A Toothbrush Help Clean Out Your Heart

Arteries (from the Greek ἀρτηρία - artēria, "windpipe, artery") are blood vessels that carry blood away from the heart. This blood is normally oxygenated, exceptions made for the pulmonary and umbilical arteries.
The circulatory system is extremely important for sustaining life. Its proper functioning is responsible for the delivery of oxygen and nutrients to all cells, as well as the removal of carbon dioxide and waste products, maintenance of optimum pH, and the mobility of the elements, proteins and cells of the immune system. In developed countries, the two leading causes of death, myocardial infarction and stroke, each may directly result from an arterial system that has been slowly and progressively compromised by years of deterioration. (See atherosclerosis).
The arterial system is the higher-pressure portion of the circulatory system. Arterial pressure varies between the peak pressure during heart contraction, called the systolic pressure, and the minimum, or diastolic pressure between contractions, when the heart expands and refills. This pressure variation within the artery produces the pulse which is observable in any artery, and reflects heart activity. Arteries also aid the heart in pumping blood. Arteries carry blood away from the heart. Veins whereas keep blood flowing towards the heart. Except pulmonary arteries, which carry blood to the lungs for oxygenation, all arteries carry oxygenated blood away from the heart to the tissues that require oxygen.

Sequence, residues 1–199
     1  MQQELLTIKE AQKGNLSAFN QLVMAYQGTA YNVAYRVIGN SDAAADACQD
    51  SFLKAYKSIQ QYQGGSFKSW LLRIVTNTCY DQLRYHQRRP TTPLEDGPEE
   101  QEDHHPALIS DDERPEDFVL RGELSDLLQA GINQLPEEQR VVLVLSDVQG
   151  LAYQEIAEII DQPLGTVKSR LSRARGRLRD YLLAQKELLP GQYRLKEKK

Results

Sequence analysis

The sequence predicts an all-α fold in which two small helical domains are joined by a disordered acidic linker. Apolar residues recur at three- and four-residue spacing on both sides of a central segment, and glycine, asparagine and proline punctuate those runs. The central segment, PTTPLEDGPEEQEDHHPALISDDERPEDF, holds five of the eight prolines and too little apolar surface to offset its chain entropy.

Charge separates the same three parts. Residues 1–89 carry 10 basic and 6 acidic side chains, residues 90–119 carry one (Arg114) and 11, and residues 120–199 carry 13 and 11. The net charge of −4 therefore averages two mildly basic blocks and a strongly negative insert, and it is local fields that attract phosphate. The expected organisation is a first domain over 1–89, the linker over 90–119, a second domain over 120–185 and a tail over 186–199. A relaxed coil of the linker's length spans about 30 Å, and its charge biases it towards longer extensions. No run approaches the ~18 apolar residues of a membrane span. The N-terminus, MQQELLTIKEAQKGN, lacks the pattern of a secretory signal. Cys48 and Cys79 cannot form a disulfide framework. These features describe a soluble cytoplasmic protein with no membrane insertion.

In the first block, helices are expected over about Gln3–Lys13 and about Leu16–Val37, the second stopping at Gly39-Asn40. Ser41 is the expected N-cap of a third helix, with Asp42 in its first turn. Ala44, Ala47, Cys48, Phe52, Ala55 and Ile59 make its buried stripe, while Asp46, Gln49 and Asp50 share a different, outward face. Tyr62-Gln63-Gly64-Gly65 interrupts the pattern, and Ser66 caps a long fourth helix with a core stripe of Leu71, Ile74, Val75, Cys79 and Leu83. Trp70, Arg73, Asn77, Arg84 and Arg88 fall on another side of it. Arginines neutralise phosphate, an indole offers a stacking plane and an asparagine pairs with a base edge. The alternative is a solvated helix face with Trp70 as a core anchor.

Can a toothbrush help clean out your heart? Surprisingly, yes. Brushing your teeth has been shown to be the first step in preventing periodontal disease that can lead to heart disease, stroke, and diabetes complications.
Dr. Chris Kammer of the Center for Cosmetic Dentistry says that 80% of adults have periodontal disease and most cases go undetected. The disease raises the level of harmful bacteria in the mouth, which travels through the bloodstream to other organs in the body, and can lead to a plaque buildup in arteries surrounding the heart.
"Most people don't think of their dentist when it comes to health problems that are not found in one's mouth," says Dr. Kammer. "But a dentist can actually be the first line of defense in reducing the risk for many of the most deadly diseases."
Brushing and flossing are effective means of preventing periodontal disease, but diabetes can counteract these efforts. Diabetes, which kills more people annually than breast cancer and AIDS, can weaken your mouth's ability to fight germs, increase blood sugar levels, and make periodontal disease more difficult to control. Your dentist may suspect diabetes if you brush and floss regularly and still have symptoms of periodontal disease. Nearly 21 million children and adults in the U.S. have diabetes, yet one-third of them are not aware they have the disease. Regular gum disease therapy and treatments can help avoid diabetes complications as serious as death.
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